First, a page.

As the younger entries begin to spread their ink
our once-unifying name arches further from the clan
cuts itself a groove in the family's bristled opera.
We carry its melody on everyday breaths but can't undo the words.
Chris Tse's first forays into poems about his family were mine to savour six years ago when we were both studying for an MA in Creative Writing at the International Institute of Modern Letters here in Wellington. I wasn't in Chris' class, but my good friend Penny was, and she and I would share the work we brought home from our respective classes.
Chris' poems interested me because they were about a world I didn't know but had glimpses of via a sister-in-law: the lives of New Zealanders of Chinese descent. They also spoke more broadly about the dislocation of the immigrant - especially the dislocation of language - something I did understand. I liked (and still like) the voice of the poems, of a sensitive writer with a wry eye and sense of humour who is part of but also at the periphery of his family, shaping what he's known all his life into fresh words and images.
The poem posted here deals wonderfully with the way Chinese immigrants often changed their names to make them easier for English-speakers to get their - woefully ignorant - tongues around. I also like the way Chris builds his love of music into his poems - language and names as music, for example: 'we carry its melody on everyday breaths.'
I was delighted when a collection of Chris' poems 'Sing Joe' was included in Auckland University's AUP New Poets 4 publication, along with work by Harry Jones and Erin Scudder. I went to the launch (with Penny) and bought a copy. You can find it at independent booksellers like Unity in Wellington, or ask your bookseller to order it from AUP.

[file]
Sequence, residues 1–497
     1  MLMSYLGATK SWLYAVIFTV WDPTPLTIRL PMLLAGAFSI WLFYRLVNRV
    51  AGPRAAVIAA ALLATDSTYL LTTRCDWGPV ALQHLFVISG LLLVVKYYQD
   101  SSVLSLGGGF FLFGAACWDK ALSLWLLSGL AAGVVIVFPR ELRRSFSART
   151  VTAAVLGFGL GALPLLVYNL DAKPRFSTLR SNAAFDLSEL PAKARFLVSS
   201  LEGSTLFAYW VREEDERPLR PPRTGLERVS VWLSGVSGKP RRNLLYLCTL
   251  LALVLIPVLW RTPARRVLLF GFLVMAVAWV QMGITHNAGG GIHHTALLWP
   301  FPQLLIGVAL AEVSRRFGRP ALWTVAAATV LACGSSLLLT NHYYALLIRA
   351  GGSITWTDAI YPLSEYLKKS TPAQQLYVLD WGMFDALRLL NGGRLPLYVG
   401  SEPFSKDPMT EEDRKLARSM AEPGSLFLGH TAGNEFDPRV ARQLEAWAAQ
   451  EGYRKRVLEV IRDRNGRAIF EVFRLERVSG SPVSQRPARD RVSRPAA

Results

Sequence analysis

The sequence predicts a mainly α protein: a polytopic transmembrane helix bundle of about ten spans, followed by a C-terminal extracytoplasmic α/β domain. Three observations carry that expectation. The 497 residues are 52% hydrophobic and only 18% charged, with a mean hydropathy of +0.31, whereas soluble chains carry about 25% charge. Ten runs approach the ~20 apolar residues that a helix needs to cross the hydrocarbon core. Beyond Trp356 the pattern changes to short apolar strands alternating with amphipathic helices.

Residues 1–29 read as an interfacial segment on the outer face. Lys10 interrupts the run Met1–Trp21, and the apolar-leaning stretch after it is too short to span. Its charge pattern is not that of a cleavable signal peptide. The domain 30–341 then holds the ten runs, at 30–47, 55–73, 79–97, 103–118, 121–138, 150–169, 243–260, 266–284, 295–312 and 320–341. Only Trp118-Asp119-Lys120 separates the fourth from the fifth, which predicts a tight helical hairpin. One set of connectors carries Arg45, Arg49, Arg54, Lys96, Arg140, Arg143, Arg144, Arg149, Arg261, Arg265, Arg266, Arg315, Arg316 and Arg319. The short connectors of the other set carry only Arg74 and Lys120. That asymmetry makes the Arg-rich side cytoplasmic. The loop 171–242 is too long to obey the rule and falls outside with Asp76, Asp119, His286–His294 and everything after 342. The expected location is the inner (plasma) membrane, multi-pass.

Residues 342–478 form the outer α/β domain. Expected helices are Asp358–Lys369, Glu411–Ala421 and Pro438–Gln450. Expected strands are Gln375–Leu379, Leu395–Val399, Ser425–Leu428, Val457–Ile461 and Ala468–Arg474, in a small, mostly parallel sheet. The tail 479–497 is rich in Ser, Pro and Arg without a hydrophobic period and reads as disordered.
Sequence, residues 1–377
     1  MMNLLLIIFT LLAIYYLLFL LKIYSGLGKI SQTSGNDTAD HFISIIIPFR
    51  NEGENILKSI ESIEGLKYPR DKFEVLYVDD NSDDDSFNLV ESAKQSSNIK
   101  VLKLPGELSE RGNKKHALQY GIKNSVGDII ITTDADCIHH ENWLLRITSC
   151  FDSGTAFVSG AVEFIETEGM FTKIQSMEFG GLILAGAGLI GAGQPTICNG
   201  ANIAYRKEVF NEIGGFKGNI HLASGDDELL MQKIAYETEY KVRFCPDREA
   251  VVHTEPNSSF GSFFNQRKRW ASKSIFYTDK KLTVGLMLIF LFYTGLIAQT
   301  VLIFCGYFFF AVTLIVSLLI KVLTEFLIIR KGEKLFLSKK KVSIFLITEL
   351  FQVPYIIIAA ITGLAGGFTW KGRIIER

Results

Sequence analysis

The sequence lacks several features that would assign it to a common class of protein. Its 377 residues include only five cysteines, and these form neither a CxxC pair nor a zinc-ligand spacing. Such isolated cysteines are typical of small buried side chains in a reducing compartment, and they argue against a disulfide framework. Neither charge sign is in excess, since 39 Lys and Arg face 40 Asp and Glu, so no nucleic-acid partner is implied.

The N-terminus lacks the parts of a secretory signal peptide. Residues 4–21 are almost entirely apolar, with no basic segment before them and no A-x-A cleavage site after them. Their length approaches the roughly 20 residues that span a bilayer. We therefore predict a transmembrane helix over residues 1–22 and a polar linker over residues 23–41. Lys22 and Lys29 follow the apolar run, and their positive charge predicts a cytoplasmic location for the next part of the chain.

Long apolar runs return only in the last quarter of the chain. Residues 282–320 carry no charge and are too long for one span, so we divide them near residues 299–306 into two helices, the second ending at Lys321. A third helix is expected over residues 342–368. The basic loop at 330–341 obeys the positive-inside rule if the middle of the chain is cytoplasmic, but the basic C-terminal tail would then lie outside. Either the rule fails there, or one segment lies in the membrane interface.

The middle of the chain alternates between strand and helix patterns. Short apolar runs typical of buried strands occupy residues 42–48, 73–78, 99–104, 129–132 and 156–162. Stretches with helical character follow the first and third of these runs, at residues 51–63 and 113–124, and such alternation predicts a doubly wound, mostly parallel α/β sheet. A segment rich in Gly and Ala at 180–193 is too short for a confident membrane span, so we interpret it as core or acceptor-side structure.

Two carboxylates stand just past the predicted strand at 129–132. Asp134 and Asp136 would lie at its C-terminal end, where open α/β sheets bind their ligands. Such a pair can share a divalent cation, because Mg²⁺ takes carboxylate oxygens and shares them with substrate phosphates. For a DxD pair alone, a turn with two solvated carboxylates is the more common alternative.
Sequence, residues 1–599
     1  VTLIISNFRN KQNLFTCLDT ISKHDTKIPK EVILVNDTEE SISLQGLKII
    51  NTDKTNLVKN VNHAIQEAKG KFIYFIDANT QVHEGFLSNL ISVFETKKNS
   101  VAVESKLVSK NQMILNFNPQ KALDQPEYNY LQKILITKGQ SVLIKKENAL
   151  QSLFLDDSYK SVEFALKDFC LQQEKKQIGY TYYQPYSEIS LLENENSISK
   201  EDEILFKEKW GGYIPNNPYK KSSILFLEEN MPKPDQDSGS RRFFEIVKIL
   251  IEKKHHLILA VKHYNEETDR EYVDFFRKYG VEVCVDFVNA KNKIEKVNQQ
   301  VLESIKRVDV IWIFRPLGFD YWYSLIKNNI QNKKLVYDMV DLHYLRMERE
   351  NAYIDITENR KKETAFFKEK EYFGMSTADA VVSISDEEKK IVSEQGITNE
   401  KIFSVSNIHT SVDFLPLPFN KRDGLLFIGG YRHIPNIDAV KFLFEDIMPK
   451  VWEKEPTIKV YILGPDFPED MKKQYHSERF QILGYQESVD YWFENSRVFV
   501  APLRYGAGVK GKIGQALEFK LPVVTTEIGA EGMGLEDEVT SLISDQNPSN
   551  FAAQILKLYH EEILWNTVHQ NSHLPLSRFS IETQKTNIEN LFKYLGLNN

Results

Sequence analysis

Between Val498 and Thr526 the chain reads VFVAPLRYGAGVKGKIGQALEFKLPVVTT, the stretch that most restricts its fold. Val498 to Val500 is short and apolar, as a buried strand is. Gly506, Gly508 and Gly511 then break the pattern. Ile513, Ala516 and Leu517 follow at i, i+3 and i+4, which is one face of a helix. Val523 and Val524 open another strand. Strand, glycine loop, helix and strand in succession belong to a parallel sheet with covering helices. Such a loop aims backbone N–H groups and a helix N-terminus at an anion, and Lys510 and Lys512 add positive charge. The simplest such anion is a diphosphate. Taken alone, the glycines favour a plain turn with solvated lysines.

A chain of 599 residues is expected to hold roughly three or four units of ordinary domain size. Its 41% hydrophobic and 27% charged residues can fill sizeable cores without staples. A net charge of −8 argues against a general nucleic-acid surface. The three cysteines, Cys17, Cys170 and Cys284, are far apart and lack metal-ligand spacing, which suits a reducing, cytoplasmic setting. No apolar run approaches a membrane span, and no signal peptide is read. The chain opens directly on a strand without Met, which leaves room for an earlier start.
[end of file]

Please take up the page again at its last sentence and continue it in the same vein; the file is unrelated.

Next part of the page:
Since then, Tuesday Poet Janis Freegard (who knows Chris from another poetry class they attended) has posted one of Chris' poems on her blog and last week had an interview with him which elucidates his work. He says,
My family have been really supportive and generous with letting me share these stories. Hopefully they see that I’ve approached it with the utmost respect for my ancestors, especially since I have written about some fairly delicate moments in their lives. My great-grandparents’ situation wasn’t uncommon back then – many Chinese men remarried when they came to New Zealand because it was near impossible to bring their wives out too. My great-grandmother wasn’t mentioned much when we were growing up so these poems were a chance to give her a voice.
As Janis says, the poems written about the great-grandmother left behind are among the most poignant in the collection. I was torn between the poem I've posted and These Days, which faces it in the book, ending:
The sun hooks her eye
and in the light
she recollects days of
when all she hoped for
was a life of family
to spill out at her grateful feet.
I am thrilled to see Chris is working on a new collection of poems, as well as film scripts and, at the insistence of his mother, fiction! I think there is a novel inside this poet. He has many more stories to tell, and I look forward to them.
For more Tuesday Poems click on the quill in the sidebar or go here. There is a magnificent poem at the hub by US poet Hayden Carruth, and then a host of other marvellous poems to dip into and out of at will in the sidebar.